Anshu Arora LLM, MSc, PMP

Cell 604-828-7331 |


Remind your sellers to ask their financial advisers about the tax deductions they’re eligible for in a home sale. One of the big ones they may qualify for: selling costs.

As long as the costs are directly tied to the sale of the home, they qualify for tax breaks. Also, sellers who have lived in their home as their principal residence for at least two out of the five years prior to selling it can earn tax advantages. “You can deduct any costs associated with selling the home—including legal fees, advertising costs, and real estate agent commissions,”

But tax experts warn that these costs can’t be deducted like mortgage interest. They are subtracted from the sales price of the home. That turns into a capital gains tax. Other potential deductions for sellers are home improvement and repair costs. Sellers who made renovations to make their home more marketable may be able to deduct those costs from their taxes. Renovation projects could include painting the house or repairing the roof or water heater, for example. “If you needed to make home improvements in order to sell your home, you can deduct those expenses as selling costs"

For these and more deductions, contact your account or I can refer you to a great one!


Which builders should apply

The Homeowner Protection Act defines a residential builder as a person who engages in, arranges for or manages, all, or substantially all, of the construction of a new home or agrees to do any of those things. This definition includes developers and general contractors.

A residential builder must obtain a licence from BC Housing before starting construction on a new project. That licence must be maintained until such time that all new homes enrolled in home warranty insurance have been completed or, in the case of a developer, sold. Even in areas where building permits aren’t required, you must be a licensed residential builder to carry out the work and arrange for home warranty insurance before starting construction.

Part 1 of the Building Envelope Renovation Regulation states that building envelope renovators must not engage in, arrange for or manage all, or substantially all, of a building envelope renovation unless they are licensed as a building envelope renovator. They must also arrange for warranty on the project.

Some building envelope renovation projects are exempt from needing a licensed building envelope renovator. Consult our Building Envelope Renovation Regulations page to learn more. General contractors who are building for a developer under Part 3 of the BC Building Code are exempt from licensing requirements. That’s as long as the developer is licensed and has enrolled the project in home warranty insurance.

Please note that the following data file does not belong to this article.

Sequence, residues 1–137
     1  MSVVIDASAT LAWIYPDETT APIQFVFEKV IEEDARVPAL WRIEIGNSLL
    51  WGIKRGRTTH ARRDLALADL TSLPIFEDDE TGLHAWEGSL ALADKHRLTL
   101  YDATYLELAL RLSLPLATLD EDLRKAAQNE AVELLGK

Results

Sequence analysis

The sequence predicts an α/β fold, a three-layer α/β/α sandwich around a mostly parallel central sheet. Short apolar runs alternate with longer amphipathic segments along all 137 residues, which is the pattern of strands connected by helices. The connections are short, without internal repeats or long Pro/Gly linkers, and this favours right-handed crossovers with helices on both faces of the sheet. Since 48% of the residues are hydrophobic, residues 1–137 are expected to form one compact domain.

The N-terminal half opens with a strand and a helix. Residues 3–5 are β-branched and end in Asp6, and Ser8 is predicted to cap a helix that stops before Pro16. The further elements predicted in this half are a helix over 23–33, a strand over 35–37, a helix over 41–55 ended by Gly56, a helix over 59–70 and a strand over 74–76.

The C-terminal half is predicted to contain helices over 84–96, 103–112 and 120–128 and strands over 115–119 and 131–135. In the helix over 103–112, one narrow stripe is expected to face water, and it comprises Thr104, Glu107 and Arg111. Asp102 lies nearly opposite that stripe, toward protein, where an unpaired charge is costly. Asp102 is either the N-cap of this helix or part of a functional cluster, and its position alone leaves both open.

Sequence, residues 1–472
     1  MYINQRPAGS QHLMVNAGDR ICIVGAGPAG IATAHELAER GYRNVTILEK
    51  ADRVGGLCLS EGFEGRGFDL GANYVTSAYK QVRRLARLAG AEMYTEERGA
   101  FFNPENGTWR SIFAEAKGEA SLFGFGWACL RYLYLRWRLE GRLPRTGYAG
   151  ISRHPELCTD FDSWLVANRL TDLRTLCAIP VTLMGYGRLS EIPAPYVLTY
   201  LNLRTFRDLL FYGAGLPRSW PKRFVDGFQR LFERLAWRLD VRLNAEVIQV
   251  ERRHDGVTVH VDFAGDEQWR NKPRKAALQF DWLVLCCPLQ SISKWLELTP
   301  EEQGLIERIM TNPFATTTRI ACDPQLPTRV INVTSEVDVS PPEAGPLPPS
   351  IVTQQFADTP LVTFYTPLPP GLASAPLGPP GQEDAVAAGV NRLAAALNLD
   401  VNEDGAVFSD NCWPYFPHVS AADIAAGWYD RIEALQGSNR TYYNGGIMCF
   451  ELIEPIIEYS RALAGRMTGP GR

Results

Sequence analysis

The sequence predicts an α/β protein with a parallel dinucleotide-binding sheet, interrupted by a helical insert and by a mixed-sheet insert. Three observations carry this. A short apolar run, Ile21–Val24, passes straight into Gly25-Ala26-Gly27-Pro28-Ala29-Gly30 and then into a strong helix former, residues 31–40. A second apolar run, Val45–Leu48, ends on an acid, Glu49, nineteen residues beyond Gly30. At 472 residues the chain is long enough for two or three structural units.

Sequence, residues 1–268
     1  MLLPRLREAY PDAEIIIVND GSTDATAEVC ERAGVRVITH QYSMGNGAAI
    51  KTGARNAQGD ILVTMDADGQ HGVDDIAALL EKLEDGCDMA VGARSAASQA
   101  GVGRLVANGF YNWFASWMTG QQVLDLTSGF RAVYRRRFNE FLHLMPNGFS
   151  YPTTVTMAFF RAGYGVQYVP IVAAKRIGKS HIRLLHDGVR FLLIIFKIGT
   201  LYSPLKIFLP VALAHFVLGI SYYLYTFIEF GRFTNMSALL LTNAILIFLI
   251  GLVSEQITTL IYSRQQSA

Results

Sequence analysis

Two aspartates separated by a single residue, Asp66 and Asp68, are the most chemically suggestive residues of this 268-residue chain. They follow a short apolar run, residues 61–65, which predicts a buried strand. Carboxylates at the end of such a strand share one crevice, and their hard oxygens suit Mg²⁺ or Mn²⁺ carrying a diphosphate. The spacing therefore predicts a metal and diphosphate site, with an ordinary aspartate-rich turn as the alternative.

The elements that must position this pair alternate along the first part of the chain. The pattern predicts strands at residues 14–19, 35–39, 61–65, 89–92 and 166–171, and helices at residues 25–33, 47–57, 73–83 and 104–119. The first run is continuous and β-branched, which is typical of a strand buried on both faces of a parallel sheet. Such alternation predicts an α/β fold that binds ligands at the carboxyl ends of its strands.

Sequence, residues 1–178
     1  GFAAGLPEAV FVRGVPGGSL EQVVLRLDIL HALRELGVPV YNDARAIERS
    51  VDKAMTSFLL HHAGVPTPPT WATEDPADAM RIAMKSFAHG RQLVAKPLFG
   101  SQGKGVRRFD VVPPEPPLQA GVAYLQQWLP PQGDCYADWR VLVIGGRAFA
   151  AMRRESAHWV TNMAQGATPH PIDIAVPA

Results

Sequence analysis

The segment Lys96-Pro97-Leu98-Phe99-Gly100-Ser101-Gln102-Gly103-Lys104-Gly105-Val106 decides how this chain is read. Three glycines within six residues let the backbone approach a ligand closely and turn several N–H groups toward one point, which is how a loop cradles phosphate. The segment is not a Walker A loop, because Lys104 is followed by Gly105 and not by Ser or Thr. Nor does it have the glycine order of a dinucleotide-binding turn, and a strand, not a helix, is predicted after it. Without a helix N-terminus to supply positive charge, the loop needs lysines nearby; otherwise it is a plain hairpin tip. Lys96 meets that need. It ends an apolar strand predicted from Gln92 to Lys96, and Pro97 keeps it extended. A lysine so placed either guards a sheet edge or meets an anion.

Pick your licence type

The first step in the application process is to know your licence type. You have three licence options to choose from: general contractor, developer or building envelope renovator — or a combination of the three. 

Select the licence types(s) that fit your current and future business activities as a residential builder. To learn more about each licence type, consult our regulatory bulletin, Choose Your Licence Type

If you apply for a new residential builder licence as a general contractor, and you don’t have a current residential builder licence in good standing, you must meet the qualification requirements. These requirements are mandated by the Homeowner Protection Act and Regulations. Consult our Qualification Requirements page to learn more. If you apply for a licence as a developer only, you don’t have to meet the qualification requirements. However, you must complete a declaration that states:

  • You will not take part in constructing or developing Part 9 homes during the term of your licence, or
  • You will hire licensed general contractors to construct any Part 9 homes.

If you fail to comply with this declaration, we may suspend or cancel your residential builder licence. Therefore, it’s important you choose the right licence type for the business you are conducting.


Deductibles to cover claims are also rising. In some cases, we’ve heard of deductibles increasing as much as $500,000. Remember that insurance doesn’t cover claims under the deductible amount. So, for example, if a plumbing incident were to cause $75,000 in water damage to a strata owner’s unit, and the strata’s deductible was $100,000, then insurance wouldn’t cover the claim. In such a scenario, the owner could have to pay for the damages out of pocket, depending on the strata’s bylaws.

Why are insurance rates increasing?

Strata building insurance premiums are increasing for a variety of reasons, according to the insurance industry. These include an increase in the number of claims, in the cost of repairs and rebuilding, and in the growing number of strata developments. Many strata buildings date back to the 1970s and ’80s and strata owners may be reluctant to undertake major system upgrades until problems occur.

What you can do about strata insurance

Given these rising rates, strata owners should ask their strata corporation or manager for a copy of the corporation’s certificate of insurance. This document details current deductible amounts. Strata owners should show the certificate of insurance to their insurance provider and understand what their liability would be in the strata, if the insurance doesn’t cover the deductible. Strata property owners should also:

  • have a unit owner’s insurance policy;
  • have a policy that covers the higher deductible (insurance deductible insurance) to cover a loss in their unit; and
  • understand the risk of not having enough coverage.

The Strata Property Act Part 9 requires strata buildings to be insured for full replacement value of all common property, common assets, and fixtures.














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